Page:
I have a lot of half-formed content floating around in my head, but research and job search (and curtain making) have picked up again, and Hooray For That, so I haven't had much time to flesh 'em out. A lot of them are social commentary kind of stuff, some even blatantly political. I find it valuable to analyze political issues to figure out what the hell my political view actually is, but I'm not sure if all that is relevant to a Science blog without Science backing of some kind. So I've got to do my social science homework a bit.
For now, here's a somewhat outdated rant of mine.
Obviously, I'm one of those old fogies (while not being very old) who Just Don't Get It Re: Certain Social Media, but I'm really sick of NPR reporting on things you can do with twitter as if it were real news.
The most recent I heard was a story about book reviews with twitter. One-hundred-twenty characters to get across the essense of the classics, or a new read, or what have you.
I'm sorry, but when I listen to the supposedly left-leaning National Public Radio for company in my lonely house and the occasional newsworthy tidbit, I just don't care to hear about what you can do with twitter. Admittely not a twitter user (I have an account, but I only joined to try to win some contest a writer friend was putting on...which I didn't win), I just don't understand what makes twitter's-recent-novelty-use newsworthy. Despite what people may think, I highly doubt that the world of book-reviewing, or book-reading for that matter, is going to twitterize, and it's insulting to the human intellectual attention span to think so.
I can see the fun challenge in trying to sum your review up in one hundred twenty characters. Snark and wit can still apply. But that's a little fun on the internet--like freetetris.com, and you don't see NPR reporting on internet tetris.
Okay, so twitter book reviewing or the related story of theirs, cd reviewing, is more intellectual than playing tetris, and that is something to be midly praised. There is fun to be had with twitter to be sure, such websites as tweeting too hard---okay that is the only one I can think of. Furthermore, authors must have the skill of pitching their complicated project in one sentence that makes theirs stand out from countless other one-senteces pitches, so maybe your friends can read your manuscript and tweet your sentence for you. So maybe it's a challenge, maybe there's an intellectual component--but it's also still just a novelty. Something to do for fun, for humor, etc.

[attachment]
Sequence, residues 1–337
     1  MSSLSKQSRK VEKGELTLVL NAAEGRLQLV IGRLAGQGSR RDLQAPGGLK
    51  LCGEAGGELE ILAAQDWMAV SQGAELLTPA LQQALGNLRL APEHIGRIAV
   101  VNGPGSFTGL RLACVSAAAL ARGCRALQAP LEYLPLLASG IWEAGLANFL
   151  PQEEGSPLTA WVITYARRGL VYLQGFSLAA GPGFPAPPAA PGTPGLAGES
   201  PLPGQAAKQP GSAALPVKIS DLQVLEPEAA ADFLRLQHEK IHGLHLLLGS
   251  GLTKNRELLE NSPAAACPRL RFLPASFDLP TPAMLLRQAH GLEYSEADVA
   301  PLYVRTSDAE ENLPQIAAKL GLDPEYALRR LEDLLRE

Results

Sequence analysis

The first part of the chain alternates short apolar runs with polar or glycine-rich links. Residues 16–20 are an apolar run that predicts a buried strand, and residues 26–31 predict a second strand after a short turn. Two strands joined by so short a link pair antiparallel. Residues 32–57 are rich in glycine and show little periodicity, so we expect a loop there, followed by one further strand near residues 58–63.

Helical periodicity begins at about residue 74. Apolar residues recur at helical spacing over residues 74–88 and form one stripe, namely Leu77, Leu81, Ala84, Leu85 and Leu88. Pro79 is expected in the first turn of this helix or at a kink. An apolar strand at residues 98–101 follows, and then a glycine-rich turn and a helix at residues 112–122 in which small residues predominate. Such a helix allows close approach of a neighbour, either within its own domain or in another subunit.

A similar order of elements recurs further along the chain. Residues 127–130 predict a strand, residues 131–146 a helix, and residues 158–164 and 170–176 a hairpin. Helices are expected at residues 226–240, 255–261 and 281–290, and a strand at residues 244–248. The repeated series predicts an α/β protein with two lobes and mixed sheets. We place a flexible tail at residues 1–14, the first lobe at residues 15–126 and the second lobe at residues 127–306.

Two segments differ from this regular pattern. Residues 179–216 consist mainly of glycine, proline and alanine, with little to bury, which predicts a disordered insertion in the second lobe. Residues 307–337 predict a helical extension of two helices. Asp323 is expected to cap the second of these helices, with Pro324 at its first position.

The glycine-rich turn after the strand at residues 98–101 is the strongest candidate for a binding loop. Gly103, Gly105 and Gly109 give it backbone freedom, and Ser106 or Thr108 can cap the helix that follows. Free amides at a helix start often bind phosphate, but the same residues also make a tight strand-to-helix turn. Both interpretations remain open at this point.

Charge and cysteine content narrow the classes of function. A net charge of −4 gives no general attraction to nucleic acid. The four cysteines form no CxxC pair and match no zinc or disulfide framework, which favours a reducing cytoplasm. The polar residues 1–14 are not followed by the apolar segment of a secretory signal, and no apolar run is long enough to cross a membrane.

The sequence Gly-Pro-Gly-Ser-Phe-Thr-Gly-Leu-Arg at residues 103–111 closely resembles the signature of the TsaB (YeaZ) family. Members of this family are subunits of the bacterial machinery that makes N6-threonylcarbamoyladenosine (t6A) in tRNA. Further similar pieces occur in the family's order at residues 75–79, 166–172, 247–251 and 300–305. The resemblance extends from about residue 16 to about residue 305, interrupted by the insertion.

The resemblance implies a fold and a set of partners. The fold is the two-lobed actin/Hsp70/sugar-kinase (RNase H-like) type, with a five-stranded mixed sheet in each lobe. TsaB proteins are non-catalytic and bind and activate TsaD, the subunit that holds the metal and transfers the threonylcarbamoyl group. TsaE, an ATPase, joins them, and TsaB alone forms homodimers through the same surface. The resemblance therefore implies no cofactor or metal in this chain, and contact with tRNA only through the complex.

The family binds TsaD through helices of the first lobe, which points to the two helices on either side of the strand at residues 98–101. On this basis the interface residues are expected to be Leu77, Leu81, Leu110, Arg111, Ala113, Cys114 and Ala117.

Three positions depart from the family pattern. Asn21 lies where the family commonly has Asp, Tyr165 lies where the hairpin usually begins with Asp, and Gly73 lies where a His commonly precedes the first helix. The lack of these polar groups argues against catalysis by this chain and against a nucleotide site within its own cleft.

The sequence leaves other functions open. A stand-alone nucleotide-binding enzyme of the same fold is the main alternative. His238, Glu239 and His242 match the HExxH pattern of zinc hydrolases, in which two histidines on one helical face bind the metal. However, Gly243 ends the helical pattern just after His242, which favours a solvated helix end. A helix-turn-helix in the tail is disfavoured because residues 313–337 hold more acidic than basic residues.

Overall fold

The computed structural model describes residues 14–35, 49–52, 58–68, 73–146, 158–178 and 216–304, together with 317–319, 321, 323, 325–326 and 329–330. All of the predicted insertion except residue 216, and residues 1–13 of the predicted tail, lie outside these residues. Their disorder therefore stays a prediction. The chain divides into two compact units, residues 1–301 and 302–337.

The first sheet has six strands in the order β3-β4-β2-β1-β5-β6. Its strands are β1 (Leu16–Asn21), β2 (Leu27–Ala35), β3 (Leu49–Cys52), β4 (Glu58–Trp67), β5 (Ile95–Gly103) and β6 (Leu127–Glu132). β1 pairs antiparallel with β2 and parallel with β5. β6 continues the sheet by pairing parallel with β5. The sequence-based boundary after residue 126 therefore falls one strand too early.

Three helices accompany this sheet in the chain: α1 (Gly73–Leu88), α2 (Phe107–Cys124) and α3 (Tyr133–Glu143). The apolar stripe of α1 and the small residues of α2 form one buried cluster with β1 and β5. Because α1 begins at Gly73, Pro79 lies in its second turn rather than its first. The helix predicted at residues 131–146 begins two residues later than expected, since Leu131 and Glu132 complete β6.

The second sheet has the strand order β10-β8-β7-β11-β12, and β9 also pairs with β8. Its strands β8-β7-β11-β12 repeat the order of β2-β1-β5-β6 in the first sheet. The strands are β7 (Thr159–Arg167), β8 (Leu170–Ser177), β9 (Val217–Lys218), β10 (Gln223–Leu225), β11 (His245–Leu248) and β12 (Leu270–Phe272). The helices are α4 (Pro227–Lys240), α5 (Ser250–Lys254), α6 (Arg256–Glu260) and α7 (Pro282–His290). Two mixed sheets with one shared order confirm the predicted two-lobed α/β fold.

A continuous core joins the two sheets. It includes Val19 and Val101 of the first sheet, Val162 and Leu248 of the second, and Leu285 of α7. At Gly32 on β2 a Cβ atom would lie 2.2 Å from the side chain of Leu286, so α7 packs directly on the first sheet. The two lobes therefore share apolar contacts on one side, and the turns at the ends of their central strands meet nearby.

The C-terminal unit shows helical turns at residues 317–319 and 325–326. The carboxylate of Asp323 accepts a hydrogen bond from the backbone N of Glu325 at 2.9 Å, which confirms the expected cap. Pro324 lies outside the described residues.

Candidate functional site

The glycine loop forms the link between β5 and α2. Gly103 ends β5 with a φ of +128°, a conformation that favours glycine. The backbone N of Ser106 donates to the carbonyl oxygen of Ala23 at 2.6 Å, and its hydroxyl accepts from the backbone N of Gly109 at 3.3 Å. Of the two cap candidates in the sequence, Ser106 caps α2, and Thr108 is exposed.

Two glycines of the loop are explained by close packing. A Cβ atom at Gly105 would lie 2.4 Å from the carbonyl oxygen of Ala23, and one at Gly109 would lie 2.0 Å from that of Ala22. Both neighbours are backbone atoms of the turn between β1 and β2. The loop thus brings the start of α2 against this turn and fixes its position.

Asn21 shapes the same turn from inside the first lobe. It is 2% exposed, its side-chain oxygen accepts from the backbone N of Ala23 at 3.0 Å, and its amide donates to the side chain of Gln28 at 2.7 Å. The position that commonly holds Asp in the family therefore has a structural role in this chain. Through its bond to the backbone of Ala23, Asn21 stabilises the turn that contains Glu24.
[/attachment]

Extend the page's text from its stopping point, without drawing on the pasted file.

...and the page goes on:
My larger problem may be that I am an old-fashioned, long-winded blogger, and I just don't get what is interesting or enough about 120 characters of your life, your friend's lives, your opinion of a new book, following random cross-linking from a blog post to someone's twitter sentence to someone else's midly related twitter sentence to some other random thing, to Kevin Bacon. There's no room for explanation, for argument, for clarification or subtlety or in short, substance.* Obviously twitter is taking up loads of users, and maybe that is NPR worthy news. But they reported on that already. Book reviews, movie reviews, cd reviews? Whatever.
*Admittedly, some one-hundred-twenty character sentences have more substance than pages and pages of words. One hopes this blog is not such an example.
If you want to explain what I obviously just don't get about twitter to me in the comments, please do enlighten me.